Structural insight into metallocofactor maturation in carbon monoxide dehydrogenase.

Publication Type:

Journal Article


J Biol Chem, Volume 294, Issue 35, p.13017-13026 (2019)


<p>The nickel-dependent carbon monoxide dehydrogenase (CODH) employs a unique heterometallic nickel-iron-sulfur cluster, termed the C-cluster, to catalyze the interconversion of CO and CO Like other complex metalloenzymes, CODH requires dedicated assembly machinery to form the fully intact and functional C-cluster. In particular, nickel incorporation into the C-cluster depends on the maturation factor CooC; however, the mechanism of nickel insertion remains poorly understood. Here, we compare X-ray structures (1.50-2.48 Å resolution) of CODH from (CODH) heterologously expressed in either the absence (CODH) or presence (CODH) of co-expressed CooC. We find that the C-cluster of CODH is fully loaded with iron but does not contain any nickel. Interestingly, the so-called unique iron ion (Fe) occupies both its canonical site (80% occupancy) and the nickel site (20% occupancy), with addition of reductant causing further mismetallation of the nickel site (60% iron occupancy). We also demonstrate that a CODH variant that lacks a surface-accessible iron-sulfur cluster (the D-cluster) has a C-cluster that is also replete in iron but lacks nickel, despite co-expression with CooC. In this variant, all Fe is in its canonical location, and the nickel site is empty. This D-cluster-deficient CODH is inactive despite attempts to reconstitute it with nickel. Taken together, these results suggest that an empty nickel site is not sufficient for nickel incorporation. Based on our findings, we propose a model for C-cluster assembly that requires both CooC and a functioning D-cluster, involves precise redox-state control, and includes a two-step nickel-binding process.</p>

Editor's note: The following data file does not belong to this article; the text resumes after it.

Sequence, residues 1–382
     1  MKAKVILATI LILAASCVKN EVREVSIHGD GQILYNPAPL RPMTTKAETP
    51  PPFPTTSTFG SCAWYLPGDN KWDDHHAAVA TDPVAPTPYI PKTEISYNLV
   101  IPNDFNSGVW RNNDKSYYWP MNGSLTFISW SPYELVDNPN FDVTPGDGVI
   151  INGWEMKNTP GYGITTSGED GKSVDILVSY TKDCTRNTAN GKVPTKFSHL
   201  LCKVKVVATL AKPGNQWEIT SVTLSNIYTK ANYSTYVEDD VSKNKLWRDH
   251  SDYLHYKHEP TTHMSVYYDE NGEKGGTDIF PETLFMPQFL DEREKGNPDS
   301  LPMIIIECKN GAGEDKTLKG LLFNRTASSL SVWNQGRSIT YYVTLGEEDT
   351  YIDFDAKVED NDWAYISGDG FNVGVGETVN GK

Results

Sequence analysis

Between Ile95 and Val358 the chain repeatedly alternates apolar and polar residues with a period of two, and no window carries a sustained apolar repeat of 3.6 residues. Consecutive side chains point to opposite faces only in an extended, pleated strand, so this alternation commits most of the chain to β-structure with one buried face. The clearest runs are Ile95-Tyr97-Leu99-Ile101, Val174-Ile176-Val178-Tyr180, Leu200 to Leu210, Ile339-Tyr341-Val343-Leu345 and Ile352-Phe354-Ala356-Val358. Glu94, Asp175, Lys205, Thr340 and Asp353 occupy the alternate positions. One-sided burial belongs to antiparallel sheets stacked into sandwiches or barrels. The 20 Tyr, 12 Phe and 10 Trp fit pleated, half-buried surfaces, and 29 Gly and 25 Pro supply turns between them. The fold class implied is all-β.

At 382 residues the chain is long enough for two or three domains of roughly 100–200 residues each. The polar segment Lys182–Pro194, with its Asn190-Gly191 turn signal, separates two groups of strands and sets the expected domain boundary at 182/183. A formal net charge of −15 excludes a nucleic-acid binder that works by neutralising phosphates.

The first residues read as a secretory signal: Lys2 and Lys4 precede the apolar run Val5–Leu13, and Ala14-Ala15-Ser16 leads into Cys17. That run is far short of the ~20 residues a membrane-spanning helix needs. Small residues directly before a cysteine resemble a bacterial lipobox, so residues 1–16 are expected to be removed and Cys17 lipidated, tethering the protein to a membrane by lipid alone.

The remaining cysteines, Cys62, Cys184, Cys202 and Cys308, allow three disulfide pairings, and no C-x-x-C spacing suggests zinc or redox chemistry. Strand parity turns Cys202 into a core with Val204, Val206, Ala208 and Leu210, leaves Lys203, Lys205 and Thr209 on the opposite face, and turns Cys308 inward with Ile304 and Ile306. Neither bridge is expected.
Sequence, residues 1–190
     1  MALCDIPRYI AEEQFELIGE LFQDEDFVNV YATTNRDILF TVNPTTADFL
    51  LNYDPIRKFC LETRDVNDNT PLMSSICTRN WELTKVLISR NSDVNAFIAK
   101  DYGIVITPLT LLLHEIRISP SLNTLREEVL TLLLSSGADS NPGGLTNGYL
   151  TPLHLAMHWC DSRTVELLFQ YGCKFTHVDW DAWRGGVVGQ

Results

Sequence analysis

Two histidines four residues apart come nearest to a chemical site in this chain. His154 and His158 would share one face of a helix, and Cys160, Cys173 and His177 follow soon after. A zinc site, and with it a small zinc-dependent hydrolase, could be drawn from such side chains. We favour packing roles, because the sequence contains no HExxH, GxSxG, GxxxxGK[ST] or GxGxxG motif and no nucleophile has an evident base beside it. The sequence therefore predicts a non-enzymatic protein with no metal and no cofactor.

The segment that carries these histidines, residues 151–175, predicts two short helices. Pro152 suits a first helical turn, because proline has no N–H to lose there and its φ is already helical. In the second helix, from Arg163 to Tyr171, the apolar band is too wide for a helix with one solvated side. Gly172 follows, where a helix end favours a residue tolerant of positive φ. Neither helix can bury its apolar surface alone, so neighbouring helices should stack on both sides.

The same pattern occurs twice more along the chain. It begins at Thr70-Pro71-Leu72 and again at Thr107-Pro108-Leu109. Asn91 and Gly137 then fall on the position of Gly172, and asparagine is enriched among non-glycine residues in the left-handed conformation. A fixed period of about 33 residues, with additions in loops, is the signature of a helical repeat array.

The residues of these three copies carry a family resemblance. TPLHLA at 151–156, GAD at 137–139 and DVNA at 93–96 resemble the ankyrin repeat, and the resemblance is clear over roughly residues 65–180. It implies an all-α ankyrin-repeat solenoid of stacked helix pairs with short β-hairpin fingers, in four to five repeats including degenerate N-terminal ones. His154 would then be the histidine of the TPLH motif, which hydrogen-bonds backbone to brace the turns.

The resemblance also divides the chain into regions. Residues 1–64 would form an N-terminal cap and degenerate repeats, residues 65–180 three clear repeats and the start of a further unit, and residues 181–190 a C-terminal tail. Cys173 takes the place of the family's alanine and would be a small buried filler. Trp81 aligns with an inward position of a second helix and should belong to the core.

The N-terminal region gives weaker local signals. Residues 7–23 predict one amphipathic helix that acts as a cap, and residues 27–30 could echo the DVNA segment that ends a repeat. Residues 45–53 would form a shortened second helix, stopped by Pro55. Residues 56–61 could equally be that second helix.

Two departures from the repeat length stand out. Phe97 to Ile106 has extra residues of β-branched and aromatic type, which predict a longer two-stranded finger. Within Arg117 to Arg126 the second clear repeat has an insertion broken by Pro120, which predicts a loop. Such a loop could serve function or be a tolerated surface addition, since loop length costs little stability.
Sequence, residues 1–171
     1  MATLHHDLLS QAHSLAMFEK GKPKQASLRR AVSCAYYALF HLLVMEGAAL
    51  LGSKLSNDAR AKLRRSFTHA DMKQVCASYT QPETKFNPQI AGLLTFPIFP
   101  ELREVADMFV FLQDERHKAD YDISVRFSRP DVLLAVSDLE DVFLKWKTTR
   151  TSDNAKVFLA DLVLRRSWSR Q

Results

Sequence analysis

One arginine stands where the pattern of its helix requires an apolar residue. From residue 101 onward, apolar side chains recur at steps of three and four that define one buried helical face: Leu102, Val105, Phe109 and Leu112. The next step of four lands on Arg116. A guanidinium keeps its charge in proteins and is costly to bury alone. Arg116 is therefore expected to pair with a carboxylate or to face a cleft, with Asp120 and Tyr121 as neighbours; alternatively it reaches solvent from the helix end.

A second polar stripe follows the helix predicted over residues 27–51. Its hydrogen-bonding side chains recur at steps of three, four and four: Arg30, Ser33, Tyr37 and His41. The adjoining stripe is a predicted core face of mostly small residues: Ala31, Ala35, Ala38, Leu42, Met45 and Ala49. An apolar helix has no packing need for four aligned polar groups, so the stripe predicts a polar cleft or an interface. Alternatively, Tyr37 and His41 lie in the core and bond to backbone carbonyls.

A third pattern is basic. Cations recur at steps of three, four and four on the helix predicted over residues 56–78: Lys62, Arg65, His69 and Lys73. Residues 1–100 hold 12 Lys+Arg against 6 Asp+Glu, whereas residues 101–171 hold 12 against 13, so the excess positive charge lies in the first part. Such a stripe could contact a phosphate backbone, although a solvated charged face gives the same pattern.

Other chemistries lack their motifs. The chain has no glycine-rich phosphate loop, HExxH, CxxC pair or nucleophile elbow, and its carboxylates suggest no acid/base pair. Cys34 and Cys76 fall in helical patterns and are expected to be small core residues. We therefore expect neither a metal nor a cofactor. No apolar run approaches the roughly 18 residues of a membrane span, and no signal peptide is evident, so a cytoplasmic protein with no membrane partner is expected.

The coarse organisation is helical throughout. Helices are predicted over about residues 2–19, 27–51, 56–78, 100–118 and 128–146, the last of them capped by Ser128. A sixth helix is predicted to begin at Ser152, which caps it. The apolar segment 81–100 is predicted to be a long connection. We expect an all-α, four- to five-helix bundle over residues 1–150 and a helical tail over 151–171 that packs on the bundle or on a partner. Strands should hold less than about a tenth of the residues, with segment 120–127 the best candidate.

6ONC, 6OND, and 6ONS